above: Maria Sibylla Merian, detail from Metamorphosis insectorum Surinamensium
I’m going to say something that will surprise no one: I’ve always been an indoor kid. I’m pale and itchy, with a level of paleness and itchiness that no amount of SPF or hydrocortisone can combat. I hate swimming. I hate your barbecue. I hate summer.
My inaptitude for scenic tolerance has made me a warrior of the windowless job, a prize fighter of 500 page novels, and a top tier consumer of campaign-based board games. And yet, give me a folio of naturalist prints, and I’m set to study for hours (from my sofa, of course).
Enter the Natural History Museum, a well-shaded answer to my theoretical birdwatching dreams. The specimens! The careful typography! The Audubon plates! Even for me, living indoors has its limits, and lucky for all of us, the University of Kansas Natural History Museum has digital programming for the armchair entomologist and the small scientist alike!
Our friends at the Natural History museum have invited you to join in the following fun. No sunhat required, I promise.
Visit the Museum From Home
A new Museum From Home page offers a range of DIY activites for livingroom life science. Why be bored when you can “be a bambiraptor”? I was particularly captivated by the scavenger hunt, an I spy adventure using images from the Exploring Biodiversity exhibit. After scanning through the dark, soothing, online halls of articulated skeletons, a quick scroll through the Fungal Facts page gave me a new vocabulary. I have an inner fridge mass that is convex, filaform, and filimentous, and I have upgraded my concern from “I’ll deal with that tomorrow” to a pervasive and unrelenting fear.
Click Through the Digital Collection
If you feel like yesterday, today, and tomorrow are just blending together like the Instagram feed you just can’t keep scrolling, take a break and browse the digital collections. The range of textures, forms, and patterns are limitless and absorbing, and highly recommended for any artist at home. Images of flora, fauna, and fossils have been pulled from the institution’s over 11 million specimens, and are sure to inspire even the most pixel weary into making a sketch or two.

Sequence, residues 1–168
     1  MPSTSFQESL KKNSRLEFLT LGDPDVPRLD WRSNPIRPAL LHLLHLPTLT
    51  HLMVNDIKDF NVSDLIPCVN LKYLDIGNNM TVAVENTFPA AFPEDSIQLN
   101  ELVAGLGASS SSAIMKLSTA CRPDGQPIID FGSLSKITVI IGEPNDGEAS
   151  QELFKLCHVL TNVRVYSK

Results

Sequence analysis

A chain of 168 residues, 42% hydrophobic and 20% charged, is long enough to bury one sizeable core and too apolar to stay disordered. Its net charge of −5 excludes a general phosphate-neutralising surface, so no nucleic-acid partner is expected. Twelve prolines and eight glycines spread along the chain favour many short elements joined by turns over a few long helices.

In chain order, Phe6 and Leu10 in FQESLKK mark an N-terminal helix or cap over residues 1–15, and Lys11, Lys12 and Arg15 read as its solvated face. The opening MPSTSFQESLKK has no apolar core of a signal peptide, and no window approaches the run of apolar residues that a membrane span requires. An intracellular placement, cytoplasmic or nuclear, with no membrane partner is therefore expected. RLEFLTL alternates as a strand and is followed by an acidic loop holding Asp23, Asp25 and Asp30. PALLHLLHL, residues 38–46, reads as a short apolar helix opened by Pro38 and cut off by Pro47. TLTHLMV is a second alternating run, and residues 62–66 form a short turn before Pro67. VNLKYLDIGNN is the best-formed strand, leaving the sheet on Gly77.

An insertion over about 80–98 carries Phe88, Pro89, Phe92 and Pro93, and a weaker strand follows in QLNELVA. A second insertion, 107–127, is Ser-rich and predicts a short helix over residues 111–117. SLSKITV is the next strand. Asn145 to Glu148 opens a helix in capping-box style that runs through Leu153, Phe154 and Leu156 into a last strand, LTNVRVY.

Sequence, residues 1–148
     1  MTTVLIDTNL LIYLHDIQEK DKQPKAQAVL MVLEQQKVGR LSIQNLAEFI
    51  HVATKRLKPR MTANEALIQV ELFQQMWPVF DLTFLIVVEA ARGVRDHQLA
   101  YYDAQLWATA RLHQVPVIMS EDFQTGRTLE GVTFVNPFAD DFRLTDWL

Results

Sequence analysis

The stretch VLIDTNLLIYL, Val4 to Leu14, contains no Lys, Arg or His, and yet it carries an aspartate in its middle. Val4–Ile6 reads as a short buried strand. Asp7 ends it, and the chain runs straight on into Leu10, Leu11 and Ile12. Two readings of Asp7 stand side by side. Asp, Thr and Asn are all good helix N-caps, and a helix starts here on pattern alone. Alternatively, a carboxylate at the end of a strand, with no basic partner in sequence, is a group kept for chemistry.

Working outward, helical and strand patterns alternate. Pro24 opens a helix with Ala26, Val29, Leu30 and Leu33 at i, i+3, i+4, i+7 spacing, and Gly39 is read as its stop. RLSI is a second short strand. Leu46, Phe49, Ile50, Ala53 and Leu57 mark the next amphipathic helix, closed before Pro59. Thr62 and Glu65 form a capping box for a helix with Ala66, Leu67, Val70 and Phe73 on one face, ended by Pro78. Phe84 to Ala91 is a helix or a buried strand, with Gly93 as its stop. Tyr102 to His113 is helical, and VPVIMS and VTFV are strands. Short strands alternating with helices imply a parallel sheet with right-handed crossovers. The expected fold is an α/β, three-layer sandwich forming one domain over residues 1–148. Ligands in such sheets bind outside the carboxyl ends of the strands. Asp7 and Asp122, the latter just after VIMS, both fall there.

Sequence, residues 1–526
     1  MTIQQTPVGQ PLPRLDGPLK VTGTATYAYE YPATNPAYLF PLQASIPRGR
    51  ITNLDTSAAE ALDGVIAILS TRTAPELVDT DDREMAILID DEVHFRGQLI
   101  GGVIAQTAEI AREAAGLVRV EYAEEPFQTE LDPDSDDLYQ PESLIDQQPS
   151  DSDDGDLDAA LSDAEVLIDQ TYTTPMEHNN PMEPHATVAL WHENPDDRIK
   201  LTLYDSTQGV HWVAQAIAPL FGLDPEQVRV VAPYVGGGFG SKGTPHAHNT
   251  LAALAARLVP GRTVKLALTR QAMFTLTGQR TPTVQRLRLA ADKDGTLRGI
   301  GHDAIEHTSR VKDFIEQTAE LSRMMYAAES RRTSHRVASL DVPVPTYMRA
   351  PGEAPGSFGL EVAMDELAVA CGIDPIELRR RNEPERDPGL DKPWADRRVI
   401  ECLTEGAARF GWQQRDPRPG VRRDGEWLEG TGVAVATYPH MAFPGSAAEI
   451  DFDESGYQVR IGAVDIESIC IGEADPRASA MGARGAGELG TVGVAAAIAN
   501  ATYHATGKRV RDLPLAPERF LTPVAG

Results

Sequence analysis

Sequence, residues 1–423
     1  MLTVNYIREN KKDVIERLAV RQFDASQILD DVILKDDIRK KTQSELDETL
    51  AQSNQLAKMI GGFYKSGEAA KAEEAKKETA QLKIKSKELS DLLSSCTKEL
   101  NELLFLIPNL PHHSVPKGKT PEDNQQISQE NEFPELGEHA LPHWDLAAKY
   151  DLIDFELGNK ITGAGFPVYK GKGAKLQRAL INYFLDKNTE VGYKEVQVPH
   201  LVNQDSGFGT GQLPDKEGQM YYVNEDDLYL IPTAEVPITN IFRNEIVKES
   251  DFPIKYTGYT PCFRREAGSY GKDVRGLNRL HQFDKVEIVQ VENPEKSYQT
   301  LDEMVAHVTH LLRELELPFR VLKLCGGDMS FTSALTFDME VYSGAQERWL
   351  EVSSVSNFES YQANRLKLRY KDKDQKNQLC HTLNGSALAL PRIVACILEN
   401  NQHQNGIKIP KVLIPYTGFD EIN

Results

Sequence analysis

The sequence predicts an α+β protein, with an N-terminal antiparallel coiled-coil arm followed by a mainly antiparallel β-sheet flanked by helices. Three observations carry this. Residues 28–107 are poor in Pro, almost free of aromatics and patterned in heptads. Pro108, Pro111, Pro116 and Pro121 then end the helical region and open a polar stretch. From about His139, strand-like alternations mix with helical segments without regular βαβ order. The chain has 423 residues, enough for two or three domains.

Take a Book Break
And, speaking of scientific illustration, the museum’s Storybook Science program offers live readings for young backyard biologists. Join KU Natural History Museum’s Education Coordinator, Colleen MacGilvray, every Wednesday at 10 AM on the KU Natural History Museum’s Facebook Page, for STEAM education through storytelling, scientific fact, and hands-on activities! All readings can be found Live on the KU Natural History Museum Facebook Page
Wednesday, April 22, 10:00 am
Featured Book: Up the Creek by Nicholas Oldland
Wednesday, April 29, 10:00 am
Featured Book: Walk on the Wild Side by Nicholas Oldland
Wednesday, May 6,10:00 am
Featured Book: Wisdom the Midway Albatross by Darcy Pattison
Wednesday, May 13, 10:00 am
Featured Book: Grandmother Fish by Jonathan Tweet
And Who Doesn’t Need a Party Right Now? Bee There or Bee Square.
On April 22nd, KU Natural History Museum will partner with the Watkins Museum of History for an Earth Day celebration! This virtual Facebook Live event will run from 10 AM to 4 PM. Join in the fun, including videos detailing the legacy of Earth Day, hands-on activities that engage the natural world, and information about local plants and pollinators.
Earth Day 50th Birthday Party
in partnership with the Watkins Museum of History
Thursday, April 22, 2020
10:00 am – 4:00 pm
Watkins Facebook Live
Looking For More?
Did you find a particularly intriguing specimen, or a new favorite author? Let us know!
Until next Freesearch Friday,